It’s that time of year in England when festival goers forget the not so distant memory of Winter (which only came to an end a week or two ago) and take to the fields for a marathon of binge tanning, cider drinking, and stage exploration. From the mainstream themes of Glastonbury, to the metal-tinted Download and indie-flecked Reading/Leeds combo, the summer is awash with musical appreciation and recklessness across this bright and drizzly isle. At the far corner of that setting, located in the rump of England, sits Beccles, an area of beautiful and unspoiled countryside. It’s just a few miles West of Southwold, a lovely spurt of coastline, which brings a slight sea breeze to the picturesque landscape that plays host to everything Latitude.
In its eighth year, Latitude remains new to the scene. The festival distinguishes itself through the tagline, “More Than Just a Music Festival,” which is generic, but apt — there is a great deal happening at this event besides the intriguing selection of music on offer. There’s an outdoor theater, a literary arena, a poetry tent, circus performers, a comedy stage, a film tent, and an area dedicated exclusively to cabaret, making it one of the most unique festival experiences the British Isles has to offer. That nifty little package comes in addition to five music stages, ranging from big-name headliners at the Obelisk Arena (Kraftwerk, Jessie Ware, and Bobby Womack), to smaller acts performing for more adventurous audiences (Boom Bip and Charlie, Mordant Music and Walls). On top of all that, the festival prides itself on a camping field reserved for families, which allows for perhaps the most exciting summer holiday experience for kids — it’s probably one of very few places where you could find a man tripping his face off on acid next to a group of children playing with a soccer ball.
With such an impressive selection of music, performing arts, and comedy on the roster, it was distressing that a fellow in Ipswich decided to complicate the first day by climbing the roof of his train station and threatening to jump for an unknown cause. Armed only with a knife, it took fire fighters a good few hours to coax the man down onto the platform, during which time the entire line — the only one out of London to the festival — was closed between 8:30 in the morning and 4 in the afternoon. This meant a huge number of weekend ticket holders planning to travel up on the Friday were diverted, and I was one of them.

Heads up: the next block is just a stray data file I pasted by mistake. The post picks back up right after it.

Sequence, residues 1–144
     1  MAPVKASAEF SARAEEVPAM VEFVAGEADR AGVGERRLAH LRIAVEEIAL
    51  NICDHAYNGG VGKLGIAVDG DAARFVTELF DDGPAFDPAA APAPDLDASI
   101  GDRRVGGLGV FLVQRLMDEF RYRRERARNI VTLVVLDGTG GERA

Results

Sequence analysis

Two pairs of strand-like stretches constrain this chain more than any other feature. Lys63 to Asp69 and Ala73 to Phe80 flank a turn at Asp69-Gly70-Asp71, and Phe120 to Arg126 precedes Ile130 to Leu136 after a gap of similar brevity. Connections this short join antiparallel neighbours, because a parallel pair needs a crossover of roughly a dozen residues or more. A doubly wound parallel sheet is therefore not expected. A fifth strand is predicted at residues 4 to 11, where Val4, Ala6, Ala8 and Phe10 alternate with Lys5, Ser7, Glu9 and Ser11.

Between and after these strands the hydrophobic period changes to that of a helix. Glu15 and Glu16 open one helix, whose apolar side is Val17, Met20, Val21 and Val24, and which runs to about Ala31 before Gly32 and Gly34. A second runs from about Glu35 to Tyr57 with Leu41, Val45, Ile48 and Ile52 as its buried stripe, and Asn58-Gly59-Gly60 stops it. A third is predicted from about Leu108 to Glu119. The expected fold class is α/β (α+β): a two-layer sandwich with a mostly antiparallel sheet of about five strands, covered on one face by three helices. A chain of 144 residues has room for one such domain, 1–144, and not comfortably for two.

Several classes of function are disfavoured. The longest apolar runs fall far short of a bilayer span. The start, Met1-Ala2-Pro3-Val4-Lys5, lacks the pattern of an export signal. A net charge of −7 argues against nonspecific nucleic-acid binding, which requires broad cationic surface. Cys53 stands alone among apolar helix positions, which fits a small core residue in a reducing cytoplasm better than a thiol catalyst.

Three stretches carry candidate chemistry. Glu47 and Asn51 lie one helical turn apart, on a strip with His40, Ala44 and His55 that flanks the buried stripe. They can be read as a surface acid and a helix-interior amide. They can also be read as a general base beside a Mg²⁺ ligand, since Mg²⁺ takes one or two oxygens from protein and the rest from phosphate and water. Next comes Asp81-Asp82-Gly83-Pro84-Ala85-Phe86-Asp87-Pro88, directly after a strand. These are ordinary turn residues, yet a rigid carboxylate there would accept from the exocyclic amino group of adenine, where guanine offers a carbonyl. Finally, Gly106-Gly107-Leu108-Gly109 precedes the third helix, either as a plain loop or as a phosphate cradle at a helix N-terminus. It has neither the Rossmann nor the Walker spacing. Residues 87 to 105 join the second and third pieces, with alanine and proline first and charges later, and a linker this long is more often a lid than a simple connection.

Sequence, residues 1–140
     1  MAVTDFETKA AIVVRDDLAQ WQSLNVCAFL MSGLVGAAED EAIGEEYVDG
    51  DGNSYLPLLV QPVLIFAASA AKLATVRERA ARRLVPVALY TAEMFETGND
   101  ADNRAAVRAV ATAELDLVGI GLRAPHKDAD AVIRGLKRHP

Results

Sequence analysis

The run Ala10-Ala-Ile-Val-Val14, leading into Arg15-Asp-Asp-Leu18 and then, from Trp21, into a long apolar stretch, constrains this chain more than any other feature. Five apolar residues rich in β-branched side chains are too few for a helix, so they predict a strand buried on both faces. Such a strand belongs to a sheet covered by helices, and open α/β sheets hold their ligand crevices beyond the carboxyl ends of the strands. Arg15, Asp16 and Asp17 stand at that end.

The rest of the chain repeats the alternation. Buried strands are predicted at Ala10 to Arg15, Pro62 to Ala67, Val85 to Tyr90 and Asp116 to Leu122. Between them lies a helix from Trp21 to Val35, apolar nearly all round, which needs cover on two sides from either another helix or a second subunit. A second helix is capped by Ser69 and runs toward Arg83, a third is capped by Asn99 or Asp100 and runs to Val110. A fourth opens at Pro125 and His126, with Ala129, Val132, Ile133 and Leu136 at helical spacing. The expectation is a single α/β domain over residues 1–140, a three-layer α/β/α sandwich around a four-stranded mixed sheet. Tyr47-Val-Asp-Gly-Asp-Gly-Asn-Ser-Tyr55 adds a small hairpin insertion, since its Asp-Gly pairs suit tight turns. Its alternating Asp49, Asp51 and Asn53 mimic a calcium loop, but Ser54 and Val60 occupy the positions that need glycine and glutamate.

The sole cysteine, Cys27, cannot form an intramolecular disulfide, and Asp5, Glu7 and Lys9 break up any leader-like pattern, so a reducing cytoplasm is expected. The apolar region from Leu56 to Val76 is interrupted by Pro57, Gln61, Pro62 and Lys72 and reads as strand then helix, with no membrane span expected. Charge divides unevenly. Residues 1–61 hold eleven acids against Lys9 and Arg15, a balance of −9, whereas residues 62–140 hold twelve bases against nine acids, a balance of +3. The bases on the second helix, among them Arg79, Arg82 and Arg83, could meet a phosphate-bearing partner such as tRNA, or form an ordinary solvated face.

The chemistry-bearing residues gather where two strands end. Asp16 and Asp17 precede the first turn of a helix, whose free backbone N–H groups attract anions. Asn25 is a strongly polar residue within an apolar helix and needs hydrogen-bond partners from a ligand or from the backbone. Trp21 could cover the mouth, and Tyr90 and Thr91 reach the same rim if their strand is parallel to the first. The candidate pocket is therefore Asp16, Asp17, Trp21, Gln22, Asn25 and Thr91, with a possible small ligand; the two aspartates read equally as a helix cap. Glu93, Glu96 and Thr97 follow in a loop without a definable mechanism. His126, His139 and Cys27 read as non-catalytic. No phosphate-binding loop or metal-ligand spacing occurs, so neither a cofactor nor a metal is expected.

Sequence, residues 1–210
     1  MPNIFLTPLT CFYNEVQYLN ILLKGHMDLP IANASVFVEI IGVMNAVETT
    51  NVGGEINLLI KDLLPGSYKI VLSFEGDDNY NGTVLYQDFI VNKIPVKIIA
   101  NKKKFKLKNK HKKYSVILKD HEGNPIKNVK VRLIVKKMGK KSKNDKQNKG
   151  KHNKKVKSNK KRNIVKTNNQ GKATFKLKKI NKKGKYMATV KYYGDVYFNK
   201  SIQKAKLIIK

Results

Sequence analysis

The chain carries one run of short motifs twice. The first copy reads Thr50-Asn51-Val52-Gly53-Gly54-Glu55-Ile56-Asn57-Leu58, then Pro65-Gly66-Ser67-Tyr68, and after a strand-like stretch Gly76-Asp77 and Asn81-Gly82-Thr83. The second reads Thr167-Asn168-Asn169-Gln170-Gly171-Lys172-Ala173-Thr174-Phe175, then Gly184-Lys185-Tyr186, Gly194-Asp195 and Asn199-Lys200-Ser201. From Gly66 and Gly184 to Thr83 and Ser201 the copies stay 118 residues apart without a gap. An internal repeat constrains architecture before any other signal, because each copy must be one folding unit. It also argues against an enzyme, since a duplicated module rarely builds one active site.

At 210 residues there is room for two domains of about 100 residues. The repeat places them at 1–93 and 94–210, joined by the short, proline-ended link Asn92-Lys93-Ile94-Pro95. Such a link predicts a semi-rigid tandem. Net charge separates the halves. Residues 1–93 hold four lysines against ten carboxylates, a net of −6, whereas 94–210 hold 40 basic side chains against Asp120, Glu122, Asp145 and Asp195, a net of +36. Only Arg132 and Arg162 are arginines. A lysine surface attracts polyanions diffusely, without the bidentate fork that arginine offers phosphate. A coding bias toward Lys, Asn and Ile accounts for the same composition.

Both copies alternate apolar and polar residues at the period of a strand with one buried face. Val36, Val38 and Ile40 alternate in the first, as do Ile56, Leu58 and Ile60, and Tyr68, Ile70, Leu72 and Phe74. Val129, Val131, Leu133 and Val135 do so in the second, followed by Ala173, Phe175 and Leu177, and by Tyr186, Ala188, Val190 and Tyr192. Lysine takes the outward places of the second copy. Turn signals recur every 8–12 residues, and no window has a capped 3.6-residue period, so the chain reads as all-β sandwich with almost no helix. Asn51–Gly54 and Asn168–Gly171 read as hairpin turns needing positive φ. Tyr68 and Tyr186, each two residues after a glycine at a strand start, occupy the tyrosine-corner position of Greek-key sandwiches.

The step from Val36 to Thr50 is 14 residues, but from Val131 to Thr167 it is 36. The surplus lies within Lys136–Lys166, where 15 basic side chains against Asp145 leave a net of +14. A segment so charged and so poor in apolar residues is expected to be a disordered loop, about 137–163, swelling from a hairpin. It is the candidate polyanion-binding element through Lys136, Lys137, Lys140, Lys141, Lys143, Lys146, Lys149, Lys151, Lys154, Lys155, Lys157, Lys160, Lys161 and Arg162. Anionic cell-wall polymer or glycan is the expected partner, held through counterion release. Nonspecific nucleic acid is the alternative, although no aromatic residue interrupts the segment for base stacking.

(Photo Credit: Jenna Foxten)
Regardless of the wild detour affecting an entire day of coverage, it still proved to be fun and games. It was easy enough to spot folks heading up to the festival on public transport, with their backpacks and profuse frustration, and I made it my mission to shake the social blockage of anonymous city life and talk to as many people as possible. I needed to take a train out of London, then a bus, then another train (which eventually was replaced by a taxi) and then another bus before reaching the festival gates. I didn’t get to Latitude until 7, but on my way I met a number of wonderful people who all were heading in the same direction. Sure, there was anger vented at the climber for holding up the entire line, but on my travels I had a fantastic chat with a trader from the city, who was meeting his wife and children in the Purple field. There also was a young Japanese gent who was desperate to get there in time for Bloc Party, and a poet who was due to perform at the festival that very evening. My traveling companions were excited about the festival as I was, and there remained little else but to make the most of a bad situation.
The fields span more than 4,000 acres, so even when I arrived, there was yet another bus journey in store before I could pitch up. I bode my fellow travelers adjure and jumped into an already chock-full minivan — the people I met inside were either remarkably high or fuming at the climber. Either way, it felt like this mini-adventure would finally pay off — we were almost there. After sorting all the formalities at the gate, time was of immediate essence after finding a place to pitch. I ate like a ravaged animal and made my way down to the event area to find some friends who were sensible enough to come up on the Thursday — it was time to get stuck in.